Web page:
An attacker would probably be more likely to succeed at exploiting the phone and recording transmissions that way.

Yes highly illegal, even for the police to use! however your assumption of how it works isn't correct - When a stingray is present it forces all phones that have "WCDMA preferred " set (and older phones) onto an unencrypted 2G network and they capture the data in clear text for the most part.
How do I know? I live and work in DC/NoVA - Stingrays are frikking everywhere man!
Once I figured out how to know when they're being used it's easy to detect without anything special. I was messing with the IMSI catcher detector I got off the EFF website. After 6 months of zero notifications I finally got a RED hit after going out to buy beer. and contacted the developers for further info. After much back and forth with them I came to realized how the app worked. A stingray is detected when your cell phone is forced onto an unencrypted network along with a few other events to verify that you are being spied on. For me I happened to be at a 7-11 buying beer and my best guess is that apartment building nearby was being monitors for drug related crime. Plus that area is a Highway choke-point and one sting ray strategically placed there would easily records the comings and goings of hundreds of thousands of commuters. The way the software worked to detect if an IMSI catcher was operational in your area is by referencing the access point name off an open source database and if your phone was forced on to the pre-3g unencrypted network it would notify you.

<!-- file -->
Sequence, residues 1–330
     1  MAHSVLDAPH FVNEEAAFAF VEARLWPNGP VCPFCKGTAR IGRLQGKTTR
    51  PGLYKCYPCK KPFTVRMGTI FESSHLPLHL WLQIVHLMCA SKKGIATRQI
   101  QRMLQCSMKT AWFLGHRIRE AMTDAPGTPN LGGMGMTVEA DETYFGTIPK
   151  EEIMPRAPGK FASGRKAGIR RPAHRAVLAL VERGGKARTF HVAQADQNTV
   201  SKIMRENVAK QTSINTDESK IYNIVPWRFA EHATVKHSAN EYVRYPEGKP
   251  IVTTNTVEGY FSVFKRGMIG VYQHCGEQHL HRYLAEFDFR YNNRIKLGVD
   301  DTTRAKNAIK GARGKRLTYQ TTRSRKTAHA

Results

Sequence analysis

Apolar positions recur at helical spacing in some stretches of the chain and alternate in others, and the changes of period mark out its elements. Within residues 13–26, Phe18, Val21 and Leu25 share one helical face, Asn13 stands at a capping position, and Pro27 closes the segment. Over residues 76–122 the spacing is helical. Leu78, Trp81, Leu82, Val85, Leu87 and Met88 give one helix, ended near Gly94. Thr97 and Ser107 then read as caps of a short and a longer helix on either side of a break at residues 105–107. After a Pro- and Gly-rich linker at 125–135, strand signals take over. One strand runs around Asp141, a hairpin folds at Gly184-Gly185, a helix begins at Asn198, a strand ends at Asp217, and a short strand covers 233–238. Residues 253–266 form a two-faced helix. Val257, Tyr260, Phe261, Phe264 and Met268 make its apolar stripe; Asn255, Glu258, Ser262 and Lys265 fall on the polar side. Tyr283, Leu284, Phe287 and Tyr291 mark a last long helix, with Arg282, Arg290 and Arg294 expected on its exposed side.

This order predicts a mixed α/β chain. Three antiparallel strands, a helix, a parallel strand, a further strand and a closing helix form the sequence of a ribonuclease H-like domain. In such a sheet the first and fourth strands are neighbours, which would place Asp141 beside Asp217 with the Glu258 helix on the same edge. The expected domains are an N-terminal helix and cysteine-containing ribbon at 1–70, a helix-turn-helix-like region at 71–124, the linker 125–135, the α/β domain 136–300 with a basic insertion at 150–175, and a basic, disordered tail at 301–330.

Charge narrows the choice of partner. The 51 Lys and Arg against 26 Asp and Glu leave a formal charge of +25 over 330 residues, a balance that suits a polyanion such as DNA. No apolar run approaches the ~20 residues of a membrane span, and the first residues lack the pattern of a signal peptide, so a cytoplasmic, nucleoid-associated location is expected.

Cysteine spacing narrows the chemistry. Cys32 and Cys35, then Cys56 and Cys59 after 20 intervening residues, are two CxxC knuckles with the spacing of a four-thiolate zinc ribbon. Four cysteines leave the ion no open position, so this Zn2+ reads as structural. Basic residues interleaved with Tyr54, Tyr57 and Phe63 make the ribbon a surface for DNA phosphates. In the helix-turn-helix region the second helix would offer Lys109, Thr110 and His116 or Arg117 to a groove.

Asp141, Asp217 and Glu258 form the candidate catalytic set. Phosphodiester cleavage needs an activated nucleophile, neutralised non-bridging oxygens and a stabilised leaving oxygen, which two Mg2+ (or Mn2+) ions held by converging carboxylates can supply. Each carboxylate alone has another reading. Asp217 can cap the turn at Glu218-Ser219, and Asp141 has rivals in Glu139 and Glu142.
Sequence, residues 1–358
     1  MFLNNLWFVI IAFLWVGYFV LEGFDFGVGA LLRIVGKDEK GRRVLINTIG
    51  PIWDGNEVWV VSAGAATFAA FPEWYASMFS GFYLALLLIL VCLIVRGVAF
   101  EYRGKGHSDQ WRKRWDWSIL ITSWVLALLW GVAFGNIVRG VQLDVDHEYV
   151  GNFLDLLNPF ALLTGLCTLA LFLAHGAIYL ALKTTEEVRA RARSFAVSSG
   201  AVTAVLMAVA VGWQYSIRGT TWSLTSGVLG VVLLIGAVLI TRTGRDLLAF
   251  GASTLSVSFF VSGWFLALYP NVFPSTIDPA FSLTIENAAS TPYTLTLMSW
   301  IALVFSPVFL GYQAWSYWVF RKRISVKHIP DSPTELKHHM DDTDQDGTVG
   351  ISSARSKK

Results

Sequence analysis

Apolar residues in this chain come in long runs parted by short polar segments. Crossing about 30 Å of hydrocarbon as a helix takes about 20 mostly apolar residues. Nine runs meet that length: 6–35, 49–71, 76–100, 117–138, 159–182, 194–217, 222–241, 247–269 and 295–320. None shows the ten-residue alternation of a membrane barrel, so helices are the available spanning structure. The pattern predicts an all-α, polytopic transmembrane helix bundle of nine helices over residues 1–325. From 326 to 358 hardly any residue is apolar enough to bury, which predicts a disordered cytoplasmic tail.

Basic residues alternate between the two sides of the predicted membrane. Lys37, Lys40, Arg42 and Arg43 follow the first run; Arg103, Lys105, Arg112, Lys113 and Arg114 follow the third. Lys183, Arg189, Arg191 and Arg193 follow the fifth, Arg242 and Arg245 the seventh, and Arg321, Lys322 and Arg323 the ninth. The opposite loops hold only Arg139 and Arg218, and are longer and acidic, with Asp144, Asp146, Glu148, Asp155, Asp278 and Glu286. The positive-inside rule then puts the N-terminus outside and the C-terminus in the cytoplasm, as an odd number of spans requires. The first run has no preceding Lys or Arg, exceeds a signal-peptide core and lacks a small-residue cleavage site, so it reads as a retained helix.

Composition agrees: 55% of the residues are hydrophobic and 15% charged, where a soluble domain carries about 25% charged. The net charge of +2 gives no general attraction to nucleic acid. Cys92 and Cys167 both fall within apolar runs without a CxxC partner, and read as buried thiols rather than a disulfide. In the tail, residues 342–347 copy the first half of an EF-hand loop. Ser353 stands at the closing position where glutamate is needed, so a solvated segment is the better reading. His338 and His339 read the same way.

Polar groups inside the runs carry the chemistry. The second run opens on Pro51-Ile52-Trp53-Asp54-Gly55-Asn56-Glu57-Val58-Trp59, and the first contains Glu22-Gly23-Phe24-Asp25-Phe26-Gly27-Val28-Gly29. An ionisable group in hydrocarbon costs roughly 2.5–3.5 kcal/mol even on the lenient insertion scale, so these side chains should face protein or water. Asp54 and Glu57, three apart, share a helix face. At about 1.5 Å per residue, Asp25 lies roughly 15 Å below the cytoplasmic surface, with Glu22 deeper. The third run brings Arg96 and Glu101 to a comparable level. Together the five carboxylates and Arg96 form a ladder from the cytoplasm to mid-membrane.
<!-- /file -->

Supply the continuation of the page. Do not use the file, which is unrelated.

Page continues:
I started noticing that I would go to some metro stations and have good signal one day, but on other days I would get forced on the edge network. Those were the days that I also got notifications from the IMSI catcher detector. Plus on those same days an excessive number of "Anti-terror" cops would be standing around the metro station in a gaggle.
As an example - my train pulls into Chinatown station, normally my phone would connect to the H+ (HSPAP) network and I'd have full signal. but on several occasions I would only get the Edge network. at the same time that station would be crawling with cops. From talking with the developers of the IMSI catcher and screwing with the WiFi pineapple I figured there was a rogue cell station with an aggressive broadcast setting. I found a way to force my phone on the H+ network by typing in a code and changing my phone from "WCDMA preferred" to "WCDMA only" - I noticed that if you are on the EDGE network then make this change you will all the sudden get the high speed network. To me this confirms that there is a rogue cell tower or a stingray present. However, if you are in an area and the cell repeater is old tech then you will get zero bars. Plane and simple, no need for an IMSI catcher detector when you can just do this manually. No all cell phones allow you to make this change and not all cell phone will allow you to switch from the H+ to an unencrypted network.
My phone is a Nexus 4 - here is the code. Have fun hunting Stingrays.
*#*#4636#*#* -> SEND - Choose "phone information" - half way down the page you will see " WCDMA preferred"
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  • 8 months later...